I adore how these little marks allow writers to "conduct" the music that is their sentences and paragraphs. If a writer knows how to use punctuation well, the meaning is clear, rhythms flow, and everyone lives happily ever after.
Fine. That's a slight exaggeration. But the basic concept is sound.
One of my favorite punctuation situations involves hyphenated compound adjectives, because leaving off a hyphen with these little buggers is a classic way of inadvertently creating writer bloopers.
What?! Hyphenated compound adjectives sound as interesting at burnt toast?
Try this on for size:
Not long ago, there was an episode of Monk where sportscaster Bob Costas guest-starred. Bob expressed his gratitude for a time earlier when Monk had saved his life from a situation involving a demented cat salesman.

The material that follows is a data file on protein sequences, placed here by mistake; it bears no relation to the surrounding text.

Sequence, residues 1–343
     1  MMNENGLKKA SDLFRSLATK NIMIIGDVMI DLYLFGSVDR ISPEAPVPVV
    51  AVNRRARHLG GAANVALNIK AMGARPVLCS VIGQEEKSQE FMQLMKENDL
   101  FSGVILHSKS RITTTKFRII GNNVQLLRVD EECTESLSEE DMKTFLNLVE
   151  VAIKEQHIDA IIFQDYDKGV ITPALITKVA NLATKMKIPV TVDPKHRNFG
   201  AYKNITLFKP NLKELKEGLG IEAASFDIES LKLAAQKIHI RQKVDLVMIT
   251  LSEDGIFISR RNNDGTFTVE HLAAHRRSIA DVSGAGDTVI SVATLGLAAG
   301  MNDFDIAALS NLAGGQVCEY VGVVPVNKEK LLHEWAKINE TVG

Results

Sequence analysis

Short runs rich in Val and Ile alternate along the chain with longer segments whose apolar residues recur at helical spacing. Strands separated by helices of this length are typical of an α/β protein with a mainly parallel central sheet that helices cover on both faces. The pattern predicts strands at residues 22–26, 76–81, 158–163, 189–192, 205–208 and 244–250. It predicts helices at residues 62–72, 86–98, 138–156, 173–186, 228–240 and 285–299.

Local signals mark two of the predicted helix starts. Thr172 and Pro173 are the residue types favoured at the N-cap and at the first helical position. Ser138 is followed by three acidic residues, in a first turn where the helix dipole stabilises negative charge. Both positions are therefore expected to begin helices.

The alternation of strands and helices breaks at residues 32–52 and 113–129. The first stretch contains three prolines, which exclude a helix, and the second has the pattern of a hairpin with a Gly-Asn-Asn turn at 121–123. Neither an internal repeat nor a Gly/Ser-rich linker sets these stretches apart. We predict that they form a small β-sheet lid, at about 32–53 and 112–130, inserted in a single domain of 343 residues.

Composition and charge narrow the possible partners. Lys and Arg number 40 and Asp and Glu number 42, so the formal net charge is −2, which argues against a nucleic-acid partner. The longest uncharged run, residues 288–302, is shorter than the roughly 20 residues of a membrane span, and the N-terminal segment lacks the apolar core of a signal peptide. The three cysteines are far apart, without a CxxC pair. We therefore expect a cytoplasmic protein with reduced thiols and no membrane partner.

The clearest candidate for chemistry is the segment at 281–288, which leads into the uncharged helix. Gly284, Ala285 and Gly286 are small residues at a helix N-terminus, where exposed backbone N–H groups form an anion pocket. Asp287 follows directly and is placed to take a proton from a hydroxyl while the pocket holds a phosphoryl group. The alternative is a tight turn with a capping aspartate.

Bob tells the story to Captain Stottlemeyer of the San Fransisco Police. Since Monk is known for catching murderers and solving apparently unsolvable mysteries, the good Captain and the audience are all picturing the demented cat salesman as some shady dude who sells cats on the side then takes on the role of psycho murderer in his down time.
Bob clarifies: The cat was demented. It tried to kill Bob, not the salesman.
In which case, he wasn't talking about a demented cat salesman.
He was talking about a demented-cat salesman.
Now the image shifts: Bob was nearly killed by something like this:
Amazing what a little hyphen can do, don't ya think?